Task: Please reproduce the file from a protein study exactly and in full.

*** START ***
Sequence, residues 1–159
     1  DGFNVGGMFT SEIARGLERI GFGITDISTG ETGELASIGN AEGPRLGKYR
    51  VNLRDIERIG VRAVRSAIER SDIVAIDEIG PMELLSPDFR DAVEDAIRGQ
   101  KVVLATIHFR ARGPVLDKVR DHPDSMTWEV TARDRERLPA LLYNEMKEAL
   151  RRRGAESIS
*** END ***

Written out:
Sequence, residues 1–159
     1  DGFNVGGMFT SEIARGLERI GFGITDISTG ETGELASIGN AEGPRLGKYR
    51  VNLRDIERIG VRAVRSAIER SDIVAIDEIG PMELLSPDFR DAVEDAIRGQ
   101  KVVLATIHFR ARGPVLDKVR DHPDSMTWEV TARDRERLPA LLYNEMKEAL
   151  RRRGAESIS